Book. Bird. Cushion. Bird.
Right, I’m going to get this out the way right now. A disclaimer if you will, a confession early on that hopefully leads to an understanding (*stares hard at Theo Decker* – am I right fellow readers? nudge nudge).
I didn’t read all this book with my eyes, I used my ears for quite a chunk of it.
I’d like to state my case for indulging in audiobook activity: I was reading this alongside CatrionaRoseann and BooksellerEmma, both of whom were streaking ahead of me. I didn’t want them hanging about at the finish line waiting for me, so in an attempt to catch up, I swapped the usual podcasts I listen to at work for this. I only did it twice M’Lord…..then those few times I did the washing up….and that time I put it on in bed….and once when I was in the bath.
ITS SO LONG THOUGH!
So with this is mind, can I officially tick this off my reading challenge list as the book with more than 500 pages?
I know for a lot of people this is downright cheating and for them I can never, hand on heart, say I have READ this book. However, others have told me it totally counts so long as the audiobook was unabridged (which mine was). So, arguments in the comments please, I’m genuinely interested in this.
Anyway, with that out the way, let’s get to it.
Theo Decker, a thirteen-year-old New Yorker, miraculously survives an accident that kills his mother. Abandoned by his father, Theo is taken in by the family of a wealthy friend. Bewildered by his strange new home on Park Avenue, disturbed by schoolmates who don’t know how to talk to him, and tormented above all by his unbearable longing for his mother, he clings to one thing that reminds him of her: a small, mysteriously captivating painting that ultimately draws Theo into the underworld of art.
As an adult, Theo moves silkily between the drawing rooms of the rich and the dusty labyrinth of an antiques store where he works. He is alienated and in love-and at the center of a narrowing, ever more dangerous circle.
I read The Secret History last year and was so dumbstruck by it that I wasn’t able to string enough sentences together to make a post. I found it brilliant and bewildering and was dazed for a week. Now, I may not be able to say exactly that about The Goldfinch, but it’s not far off.
I don’t really know where to begin with the themes; Tartt touches on nearly everything that has the potential to bruise and heal the human soul – from art to loss to unrequited love, to friendship and hope and courage and pain, from what makes people rich and poor to what makes them give up or get going, what obsesses them, inspires them and crushes them.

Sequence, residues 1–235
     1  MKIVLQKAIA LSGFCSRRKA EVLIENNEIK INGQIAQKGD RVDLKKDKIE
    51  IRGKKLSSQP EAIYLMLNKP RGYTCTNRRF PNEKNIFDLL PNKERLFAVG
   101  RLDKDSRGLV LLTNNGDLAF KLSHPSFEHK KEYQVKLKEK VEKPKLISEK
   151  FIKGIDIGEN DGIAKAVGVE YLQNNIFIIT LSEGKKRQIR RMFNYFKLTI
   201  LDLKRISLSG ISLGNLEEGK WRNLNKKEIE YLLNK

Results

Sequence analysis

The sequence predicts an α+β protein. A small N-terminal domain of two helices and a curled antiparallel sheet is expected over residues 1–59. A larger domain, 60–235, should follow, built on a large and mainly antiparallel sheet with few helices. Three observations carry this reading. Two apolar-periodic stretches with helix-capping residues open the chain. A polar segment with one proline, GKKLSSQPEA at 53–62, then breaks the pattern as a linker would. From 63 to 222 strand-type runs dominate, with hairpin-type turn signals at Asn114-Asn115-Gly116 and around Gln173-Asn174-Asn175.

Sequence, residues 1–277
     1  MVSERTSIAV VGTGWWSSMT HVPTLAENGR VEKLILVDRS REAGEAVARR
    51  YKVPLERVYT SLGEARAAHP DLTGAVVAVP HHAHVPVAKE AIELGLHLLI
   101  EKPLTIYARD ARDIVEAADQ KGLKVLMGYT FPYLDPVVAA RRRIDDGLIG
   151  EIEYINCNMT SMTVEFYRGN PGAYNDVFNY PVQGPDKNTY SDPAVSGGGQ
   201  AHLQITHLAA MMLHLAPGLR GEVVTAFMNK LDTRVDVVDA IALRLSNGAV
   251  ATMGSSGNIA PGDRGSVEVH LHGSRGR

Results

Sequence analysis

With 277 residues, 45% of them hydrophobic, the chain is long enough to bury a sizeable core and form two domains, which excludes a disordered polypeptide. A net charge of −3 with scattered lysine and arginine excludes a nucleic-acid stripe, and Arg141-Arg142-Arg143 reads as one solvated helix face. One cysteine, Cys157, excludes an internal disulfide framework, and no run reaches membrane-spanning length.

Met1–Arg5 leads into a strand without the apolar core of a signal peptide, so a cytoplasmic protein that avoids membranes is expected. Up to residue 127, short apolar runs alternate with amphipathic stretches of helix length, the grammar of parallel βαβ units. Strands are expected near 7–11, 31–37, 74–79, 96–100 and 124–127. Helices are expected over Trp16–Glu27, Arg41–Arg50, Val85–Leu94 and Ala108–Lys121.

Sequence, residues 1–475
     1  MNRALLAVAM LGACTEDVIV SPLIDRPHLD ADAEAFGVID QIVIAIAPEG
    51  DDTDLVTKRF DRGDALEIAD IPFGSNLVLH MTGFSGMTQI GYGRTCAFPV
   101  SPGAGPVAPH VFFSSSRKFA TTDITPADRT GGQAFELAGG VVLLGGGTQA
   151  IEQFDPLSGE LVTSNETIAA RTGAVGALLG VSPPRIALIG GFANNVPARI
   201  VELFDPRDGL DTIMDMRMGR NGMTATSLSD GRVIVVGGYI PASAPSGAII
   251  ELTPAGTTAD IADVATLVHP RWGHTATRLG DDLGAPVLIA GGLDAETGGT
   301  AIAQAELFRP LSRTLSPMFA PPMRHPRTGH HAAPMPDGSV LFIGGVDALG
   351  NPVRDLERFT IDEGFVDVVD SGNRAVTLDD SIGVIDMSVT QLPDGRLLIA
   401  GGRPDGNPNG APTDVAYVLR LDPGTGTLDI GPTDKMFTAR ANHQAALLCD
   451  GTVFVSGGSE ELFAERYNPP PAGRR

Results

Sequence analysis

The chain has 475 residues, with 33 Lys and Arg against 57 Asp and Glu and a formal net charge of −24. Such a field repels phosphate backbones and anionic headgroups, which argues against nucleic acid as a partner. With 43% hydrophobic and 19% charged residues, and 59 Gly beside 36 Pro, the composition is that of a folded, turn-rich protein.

In Theo Decker we have a narrator who has to deal with the world and his wife conspiring against him (you think you’ve had a bad day?) and Tartt ensures we feel every colour of the spectrum for him. For me he was the perfect narrator – flawed, fleshy and a challenge. One minute you feel bereft for him, in fact you spend most of the first part of the book feeling your bones filling up with sorrow for the boy. Then he becomes a teenager and you begin to find him a little bit of a shit and you struggle to remember why you felt for him in the first place. Then, faced with the questions: “well how would you have reacted to all this crap? What would you have done? the world has been brutal to you, but look at these beautiful things, make your soul hurt don’t they, enough to snap you into action? Would you fight for art if art is all you have?” I can’t wholeheartedly say that in his shoes I would have behaved any better than he did during some of this book, nor that I would develop any potential for redemption. I thought he was a brilliant character and I shall miss rooting for him inspite of myself.
What did irk me about this book is how long it is (I know I know! I listened to some of it!!). But even this has me in a quandary – it felt like hours would go by without anything having happened, but when I stroppily put the book down (pressed pause) to make a cup of tea muttering “come on Tartt, get ON with it”, I’d be standing at the kettle and through the steam would dawn this realisation “Hey! I seem to know more about the deepest recesses of the human soul than I did before! Fancy that!”
And that’s the thing, this book is crammed to the gunnels. Its like one of those massive paintings that you have to stand way back from in the gallery in order to take it all in. But step in closer and you get a turn of phrase here that stops you in your tracks, up in this corner is something that will make you think about life afresh, down here is a titbit about the importance of art, here’s how you relate to your family, that bit is what you take for granted, this is the bit where they didn’t love you back. It just goes on. I could write and write and write about it all, but that wouldn’t be appropriate for a lighthearted blog arena and you should just read the book instead.
The last pages are so awe inspiringly beautiful they will stay with me for a long time, along with the image of that resilient bird chained to the wall alone and lost. If he can keep singing, we all can.
So yeah, I liked it.
As I listened to some of it I feel I should do a mini review of the audiobook: All good, though sometimes David Pittu’s accents became a little to pantomime and over the top – all his women sounded like bad drag queens – though it’s probably very unfair to criticize a man for not being able to do an array of believable, nuanced and pitch perfect female voices.
Next challenge – A book you can finish in a day
- ISBN: 9781408704950
- Little, Brown 2013
- Borrowed a copy got audiobook from Audible.com